Fifty Ways to Leave Your Lover, But Can You?

“You just slip out the back, Jack
Make a new plan, Stan
You don’t need to be coy, Roy
Just get yourself free
Hop on the bus, Gus
You don’t need to discuss much
Just drop off the key, Lee
And get yourself free.”
Paul Simon

Disclaimer: For those new writers following my blog and my blind stumbling through the minefield that is writing, make sure you read all the way to the end.

There comes a time when you question your place in things. Relationships, jobs, sports, just about anything you do, or will do, will come under the microscope. Perfection is a myth. Happiness is accepting what you have without question and knowing where it fails and where is succeeds.

Nowhere is that more evident than the arts or, for the intents of this article, writing. Where else would you subject yourself to the constant criticism, the abject failure without guidance of what you’ve done wrong, what you just haven’t done good enough or, just simply, that it wasn’t “what they were looking for”? In any other job, there would be only so much you could take before you said, enough was enough, on to greener pastures.

Lets face it, relationships are the only place we will face that kind of strife and yet continue on, and yet here I am looking at the industry and glancing at the door. The problem is, I like the thrill of writing too much. I keep turning the other cheek even though I know how much it will hurt. It’s like I have my own little peephole into a myriad of worlds. Upon initial peep, the worlds are mere pencil sketches. Black and white. The longer I look, the more colour and detail fill up the space. To put it in terms of my writing, the more flesh is added to the bones.

I know all writers go through moments of self-evaluation, or at least I think they should, in which they question their ability or their place in the grand machination that is the writing industry. They draw strength from those that have persevered through numerous rejection. Thing is I can’t help but relate the industry to Stephen Kings horror short, The Mangler. To me, the Mangler is a printing press.

mangler1Like the story, it chews up writers with reckless abandon, impervious to their plight or growth. It offers neither rhyme nor reason for its choices and yet we writers line-up around the block. We await our turn. The odds aren’t in our favour and skill sometimes has very little to do with the selection process. For every one that avoids The Mangler, 100 fall into its gaping maw.

We pop out the others side, lick our wounds and fall into place at the end of the line again. We are confidant that this time, is the time.

Why do we do it? The pay is terrible, the hours are long and the criticism harsh.

Why? Because words are our crack cocaine. We can’t get enough of them. Molding them into things, into people, into places. We mix them into colours so vivid they open our minds eye and we see them. They add texture, odour and sound to thin air. Some not pleasant but, if we do our job right, they feel real. We can grab the readers by their senses and pull them bodily into the book. We immerse them so deeply in the story that when it is over they emerge, gasping for air like a drowned swimmer.

That, right there, is why we suffer the flailing to our psyche. We endure the rejections that sting like a …. well, a lot. Rejections that rarely, if ever, help us grow our skills. No, that is something we have to do ourselves.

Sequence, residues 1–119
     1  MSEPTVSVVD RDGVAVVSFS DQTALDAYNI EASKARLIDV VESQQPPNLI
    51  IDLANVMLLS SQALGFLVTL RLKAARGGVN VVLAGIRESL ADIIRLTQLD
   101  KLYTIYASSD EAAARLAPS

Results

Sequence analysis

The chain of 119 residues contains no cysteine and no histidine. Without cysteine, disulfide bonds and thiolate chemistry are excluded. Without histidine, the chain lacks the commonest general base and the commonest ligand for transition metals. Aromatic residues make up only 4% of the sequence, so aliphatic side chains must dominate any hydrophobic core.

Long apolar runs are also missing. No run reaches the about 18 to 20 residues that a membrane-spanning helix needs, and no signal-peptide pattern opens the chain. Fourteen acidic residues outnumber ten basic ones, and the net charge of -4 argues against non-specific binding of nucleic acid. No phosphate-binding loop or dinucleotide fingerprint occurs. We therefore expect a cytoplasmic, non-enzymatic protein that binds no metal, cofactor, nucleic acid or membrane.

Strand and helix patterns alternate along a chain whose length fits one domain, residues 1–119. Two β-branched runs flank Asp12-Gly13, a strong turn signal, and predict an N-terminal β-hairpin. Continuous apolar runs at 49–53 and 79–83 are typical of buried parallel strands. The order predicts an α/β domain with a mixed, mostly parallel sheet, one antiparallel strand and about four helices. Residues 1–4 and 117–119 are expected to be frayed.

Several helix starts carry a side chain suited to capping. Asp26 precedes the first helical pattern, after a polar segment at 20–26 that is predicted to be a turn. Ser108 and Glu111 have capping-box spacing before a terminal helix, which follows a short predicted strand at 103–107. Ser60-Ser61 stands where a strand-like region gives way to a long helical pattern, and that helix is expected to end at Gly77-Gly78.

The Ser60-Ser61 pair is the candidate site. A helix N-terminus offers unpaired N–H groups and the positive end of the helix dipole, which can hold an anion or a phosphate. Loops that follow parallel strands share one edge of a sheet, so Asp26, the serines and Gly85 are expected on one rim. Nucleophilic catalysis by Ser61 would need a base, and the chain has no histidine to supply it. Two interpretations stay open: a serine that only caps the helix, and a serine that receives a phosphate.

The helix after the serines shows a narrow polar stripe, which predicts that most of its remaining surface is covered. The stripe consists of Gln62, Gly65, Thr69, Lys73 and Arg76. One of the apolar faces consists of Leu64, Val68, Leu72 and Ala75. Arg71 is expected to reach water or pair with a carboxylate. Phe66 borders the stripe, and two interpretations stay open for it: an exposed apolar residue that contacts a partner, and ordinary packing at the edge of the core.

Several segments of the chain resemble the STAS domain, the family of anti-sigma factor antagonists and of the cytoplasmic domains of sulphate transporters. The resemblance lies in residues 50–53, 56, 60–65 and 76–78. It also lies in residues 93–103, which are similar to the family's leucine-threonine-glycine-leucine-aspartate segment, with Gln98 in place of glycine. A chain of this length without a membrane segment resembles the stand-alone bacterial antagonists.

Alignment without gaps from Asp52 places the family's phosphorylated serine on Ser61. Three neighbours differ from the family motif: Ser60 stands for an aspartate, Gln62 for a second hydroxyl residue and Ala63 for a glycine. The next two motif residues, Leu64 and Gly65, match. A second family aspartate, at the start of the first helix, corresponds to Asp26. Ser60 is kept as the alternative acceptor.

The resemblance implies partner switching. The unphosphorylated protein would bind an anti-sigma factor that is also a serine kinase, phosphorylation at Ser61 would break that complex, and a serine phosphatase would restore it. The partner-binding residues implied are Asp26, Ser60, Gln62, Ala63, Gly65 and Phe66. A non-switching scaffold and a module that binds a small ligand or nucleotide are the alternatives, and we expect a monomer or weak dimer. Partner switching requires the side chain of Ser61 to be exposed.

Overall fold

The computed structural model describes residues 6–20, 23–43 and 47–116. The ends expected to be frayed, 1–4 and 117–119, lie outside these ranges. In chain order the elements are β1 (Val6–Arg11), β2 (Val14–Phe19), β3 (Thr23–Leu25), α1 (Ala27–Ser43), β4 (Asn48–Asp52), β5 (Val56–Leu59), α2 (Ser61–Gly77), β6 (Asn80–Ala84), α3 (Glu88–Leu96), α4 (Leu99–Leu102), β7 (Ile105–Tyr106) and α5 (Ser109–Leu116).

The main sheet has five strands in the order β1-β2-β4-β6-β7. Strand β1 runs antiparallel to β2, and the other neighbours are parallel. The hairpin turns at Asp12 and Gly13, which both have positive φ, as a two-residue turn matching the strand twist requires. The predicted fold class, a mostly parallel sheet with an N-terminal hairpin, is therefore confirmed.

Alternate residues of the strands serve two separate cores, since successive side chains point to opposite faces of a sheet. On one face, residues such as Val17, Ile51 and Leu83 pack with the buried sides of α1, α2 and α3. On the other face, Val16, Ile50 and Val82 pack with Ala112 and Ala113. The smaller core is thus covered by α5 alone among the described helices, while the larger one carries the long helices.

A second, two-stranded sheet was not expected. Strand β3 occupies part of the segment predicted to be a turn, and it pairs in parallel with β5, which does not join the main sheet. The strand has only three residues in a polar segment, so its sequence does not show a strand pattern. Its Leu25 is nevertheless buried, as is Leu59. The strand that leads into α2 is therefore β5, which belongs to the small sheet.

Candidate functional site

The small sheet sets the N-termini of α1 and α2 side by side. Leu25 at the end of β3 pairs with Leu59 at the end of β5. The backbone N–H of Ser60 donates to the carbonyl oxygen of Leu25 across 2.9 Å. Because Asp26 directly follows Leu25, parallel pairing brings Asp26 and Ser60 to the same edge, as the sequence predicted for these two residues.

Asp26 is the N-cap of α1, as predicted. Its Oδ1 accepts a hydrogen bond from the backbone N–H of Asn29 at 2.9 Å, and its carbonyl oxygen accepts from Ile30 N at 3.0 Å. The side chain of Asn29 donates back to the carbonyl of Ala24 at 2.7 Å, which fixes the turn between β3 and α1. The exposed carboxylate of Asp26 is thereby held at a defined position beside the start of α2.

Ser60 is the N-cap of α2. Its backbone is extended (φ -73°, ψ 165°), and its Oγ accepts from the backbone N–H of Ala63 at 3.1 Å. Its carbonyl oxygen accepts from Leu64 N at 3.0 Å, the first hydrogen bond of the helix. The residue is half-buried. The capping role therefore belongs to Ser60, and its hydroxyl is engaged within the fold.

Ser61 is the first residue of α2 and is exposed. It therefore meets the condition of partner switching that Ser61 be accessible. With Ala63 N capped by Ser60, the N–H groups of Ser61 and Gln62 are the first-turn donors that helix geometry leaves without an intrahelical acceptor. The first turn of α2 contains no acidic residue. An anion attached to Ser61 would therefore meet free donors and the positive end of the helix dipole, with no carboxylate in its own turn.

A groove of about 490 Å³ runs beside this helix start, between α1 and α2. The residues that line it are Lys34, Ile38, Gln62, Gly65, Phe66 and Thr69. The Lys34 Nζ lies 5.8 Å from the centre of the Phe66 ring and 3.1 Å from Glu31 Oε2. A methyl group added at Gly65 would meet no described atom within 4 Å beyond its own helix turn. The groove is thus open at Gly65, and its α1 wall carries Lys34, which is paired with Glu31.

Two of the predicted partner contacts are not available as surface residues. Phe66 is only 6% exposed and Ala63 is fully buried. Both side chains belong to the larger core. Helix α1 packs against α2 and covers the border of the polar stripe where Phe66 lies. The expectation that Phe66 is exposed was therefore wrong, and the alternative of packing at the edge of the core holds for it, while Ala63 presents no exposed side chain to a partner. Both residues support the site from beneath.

So while there are days that I desperately want to leave this lover, I can’t. It just keeps pulling me back in because next time, next time is the time. I can feel it.

Do you hear that, Mangler? Your time is coming.

About Dale Long

Writing ambushed me from the shadows. At first I pushed it aside as nonsense, but luckily my wife and two girls saw the potential. Since then I have had an article published by Metroland, placed as runner-up and in the top ten in humour writing contests and various other contests. The icing on the cake was placing as runner-up in the WCDR's Wicked Words contest (130 entries) and having my entry published in the contests anthology of the same name. My entry was an exerpt from my upcoming novel, Echoes.
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6 Responses to Fifty Ways to Leave Your Lover, But Can You?

  1. Get out that list of all, make that ALL, the things you’ve done right and well in your life. Include the people, the relationships, the fun, the comforting, the time lying in the breeze. DLTBGYD is something I wrote on our staffroom white board many years ago when we teachers were pretty upset about something, can’t remember what.. Illegitimi non carborundum is the Latin for this. Don’t let the b********s get you down. You know this phrase. Now go and live it, all you writers.
    Heartfelt post, Dale. 🙂

    • Dale Long says:

      I have a real problem with bull**t. I feel the need to set the offender straight. All the time. That and I felt the need to justify why I keep turning the other cheek when I normally lash out.
      Lets face it, I’m an addict.
      Hello, my name is Dale Long and I am a word addict. I used to think I wouldn’t be able to think up new and unique stories, now I can’t stop them from lining up in my head. Now where are the cookies and juice?

  2. Deepam (Susan) Wadds says:

    Your time is coming, Dale. Don’t worry, just keep that pen sharp and remember why you write. Not for the Mangler, not for the judgment or the acclaim, but for the sheer torturous delight of pulling up the chair to the desk and watching the magic of words turn into story. In the words of another song of that era, “don’t give up
    ‘cos you have friends
    don’t give up
    you’re not beaten yet
    don’t give up
    I know you can make it good…”

  3. Anonymous says:

    You never cease to amaze me Dale. Your blog keeps me wanting more. Like you said your words pull me in

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